Pre-hearing briefs

Many deserving cases are denied by disability adjudicators.  Often these denials are based on a very limited review of the evidence. There are many reasons why an adjudicator may deny your claim even if you have a good case:

  • your medical impairment may not meet a listing and many adjudicators will deny all non-listing level cases
  • your application may allege multiple impairments all of which contribute to your inability to work.  Adjudicators often feel more comfortable with one primary impairment, and preferably one at listing level
  • if you have prior applications, many adjudicators are quick to deny a new application
  • if you have tried to work after your alleged onset date, many adjudicators will issue a denial
  • if your adjudicator is overworked and has dozens of files to review, and to save time he will deny the top 15 files sitting on his desk

When you request a hearing, your case will be electronically moved to the hearing office (called the Office of Disability and Review or “ODAR” that services your geographic area.  Upon receipt at the ODAR office, your file will be assigned to a judge and put into a queue for scheduling a hearing.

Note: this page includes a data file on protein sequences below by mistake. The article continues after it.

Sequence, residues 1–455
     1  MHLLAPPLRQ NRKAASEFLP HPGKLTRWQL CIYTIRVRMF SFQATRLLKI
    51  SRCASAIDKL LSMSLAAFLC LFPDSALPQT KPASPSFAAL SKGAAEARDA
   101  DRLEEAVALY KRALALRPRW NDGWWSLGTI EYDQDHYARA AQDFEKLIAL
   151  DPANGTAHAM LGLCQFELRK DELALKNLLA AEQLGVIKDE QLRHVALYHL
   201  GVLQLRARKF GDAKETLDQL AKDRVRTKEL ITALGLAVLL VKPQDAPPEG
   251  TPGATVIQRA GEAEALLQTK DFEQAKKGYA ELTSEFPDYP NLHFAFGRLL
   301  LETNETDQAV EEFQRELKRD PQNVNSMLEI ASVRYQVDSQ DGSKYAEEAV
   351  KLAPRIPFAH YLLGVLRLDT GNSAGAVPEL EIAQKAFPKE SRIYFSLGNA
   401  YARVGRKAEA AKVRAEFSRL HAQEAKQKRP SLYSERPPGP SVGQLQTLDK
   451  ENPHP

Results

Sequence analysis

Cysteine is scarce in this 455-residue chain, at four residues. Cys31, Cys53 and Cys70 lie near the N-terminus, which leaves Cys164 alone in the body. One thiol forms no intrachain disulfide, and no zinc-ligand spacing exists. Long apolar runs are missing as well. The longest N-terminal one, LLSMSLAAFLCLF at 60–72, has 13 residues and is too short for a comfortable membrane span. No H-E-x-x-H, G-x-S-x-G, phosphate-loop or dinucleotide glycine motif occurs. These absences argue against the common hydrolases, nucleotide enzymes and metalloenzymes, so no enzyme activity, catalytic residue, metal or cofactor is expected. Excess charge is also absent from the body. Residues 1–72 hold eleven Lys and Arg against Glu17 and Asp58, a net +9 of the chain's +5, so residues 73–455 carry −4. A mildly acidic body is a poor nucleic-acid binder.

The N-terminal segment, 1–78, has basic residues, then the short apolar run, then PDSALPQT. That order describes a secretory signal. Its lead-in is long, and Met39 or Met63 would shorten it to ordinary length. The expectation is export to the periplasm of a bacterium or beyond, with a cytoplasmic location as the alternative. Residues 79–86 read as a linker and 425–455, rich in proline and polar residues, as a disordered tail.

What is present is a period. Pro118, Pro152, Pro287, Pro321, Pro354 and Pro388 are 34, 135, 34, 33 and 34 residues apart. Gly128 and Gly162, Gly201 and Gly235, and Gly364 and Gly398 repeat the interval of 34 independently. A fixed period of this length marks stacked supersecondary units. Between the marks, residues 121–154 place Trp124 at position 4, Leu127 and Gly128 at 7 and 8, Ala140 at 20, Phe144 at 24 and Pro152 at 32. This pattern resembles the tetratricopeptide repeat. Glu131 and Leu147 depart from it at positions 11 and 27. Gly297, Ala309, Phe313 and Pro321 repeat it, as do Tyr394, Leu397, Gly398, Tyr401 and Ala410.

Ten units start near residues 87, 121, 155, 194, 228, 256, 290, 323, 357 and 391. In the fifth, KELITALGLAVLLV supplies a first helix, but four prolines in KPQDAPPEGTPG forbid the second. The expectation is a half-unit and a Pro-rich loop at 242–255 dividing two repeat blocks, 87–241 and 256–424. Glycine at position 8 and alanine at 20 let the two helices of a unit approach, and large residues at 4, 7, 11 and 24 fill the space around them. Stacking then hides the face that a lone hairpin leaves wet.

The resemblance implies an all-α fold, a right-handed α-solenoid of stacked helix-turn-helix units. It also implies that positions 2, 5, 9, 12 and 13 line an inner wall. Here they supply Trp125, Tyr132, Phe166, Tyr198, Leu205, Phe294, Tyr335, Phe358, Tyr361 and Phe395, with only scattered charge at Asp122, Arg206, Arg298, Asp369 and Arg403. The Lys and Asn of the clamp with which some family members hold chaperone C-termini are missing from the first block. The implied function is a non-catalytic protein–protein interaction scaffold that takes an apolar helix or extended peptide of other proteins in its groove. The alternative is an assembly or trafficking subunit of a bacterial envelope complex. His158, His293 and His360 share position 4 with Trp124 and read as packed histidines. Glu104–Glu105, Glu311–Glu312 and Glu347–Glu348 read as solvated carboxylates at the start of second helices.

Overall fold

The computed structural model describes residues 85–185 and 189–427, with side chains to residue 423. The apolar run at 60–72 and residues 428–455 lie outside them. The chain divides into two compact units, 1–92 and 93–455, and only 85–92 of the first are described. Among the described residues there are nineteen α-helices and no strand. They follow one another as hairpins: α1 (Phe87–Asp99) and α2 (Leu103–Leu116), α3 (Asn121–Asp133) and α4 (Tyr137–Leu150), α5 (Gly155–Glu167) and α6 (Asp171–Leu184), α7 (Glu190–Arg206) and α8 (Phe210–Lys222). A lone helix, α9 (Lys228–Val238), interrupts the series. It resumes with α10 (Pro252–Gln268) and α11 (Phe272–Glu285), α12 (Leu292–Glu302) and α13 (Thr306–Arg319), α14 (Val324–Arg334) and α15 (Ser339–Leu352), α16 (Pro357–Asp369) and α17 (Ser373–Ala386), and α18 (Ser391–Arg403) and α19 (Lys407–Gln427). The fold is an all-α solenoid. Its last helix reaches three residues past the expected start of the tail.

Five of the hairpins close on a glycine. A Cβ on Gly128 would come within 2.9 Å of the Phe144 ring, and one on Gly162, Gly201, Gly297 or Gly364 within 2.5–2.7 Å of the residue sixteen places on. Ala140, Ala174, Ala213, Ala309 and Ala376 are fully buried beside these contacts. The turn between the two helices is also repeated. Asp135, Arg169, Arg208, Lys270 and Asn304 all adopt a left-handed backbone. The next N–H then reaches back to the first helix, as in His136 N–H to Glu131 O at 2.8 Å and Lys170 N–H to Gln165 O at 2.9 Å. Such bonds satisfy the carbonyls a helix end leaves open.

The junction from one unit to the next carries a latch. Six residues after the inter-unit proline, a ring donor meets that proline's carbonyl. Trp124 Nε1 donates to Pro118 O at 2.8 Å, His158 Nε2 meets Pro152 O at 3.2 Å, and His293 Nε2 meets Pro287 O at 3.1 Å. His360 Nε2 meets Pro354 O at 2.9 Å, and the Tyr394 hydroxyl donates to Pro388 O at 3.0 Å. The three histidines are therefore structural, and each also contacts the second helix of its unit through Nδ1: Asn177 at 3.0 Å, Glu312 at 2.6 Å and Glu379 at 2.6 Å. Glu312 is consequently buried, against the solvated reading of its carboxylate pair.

Once you and your lawyer receive the confirmation letter that your file has been received at the ODAR, your attorney may want to submit an “on-the-record” decision.  In my practice I usually wait until a specific judge is assigned.  If you submit an on-the-record before a judge is assigned, the request may not be read by anyone.

An on-the-record decision sets out a factual background of your case and it includes an argument as to why the judge should approve your case.  When I write an on-the-record request, I set out the theory of my case clearly and I include any functional capacity form or compelling evidence, even if that evidence was already part of the record.

Click on the link to review an on-the-record request that I recently submitted, and that was granted by one of the Atlanta ODAR judges.  I have changed the names of all parties involved as well as some of the facts but the argument remains intact.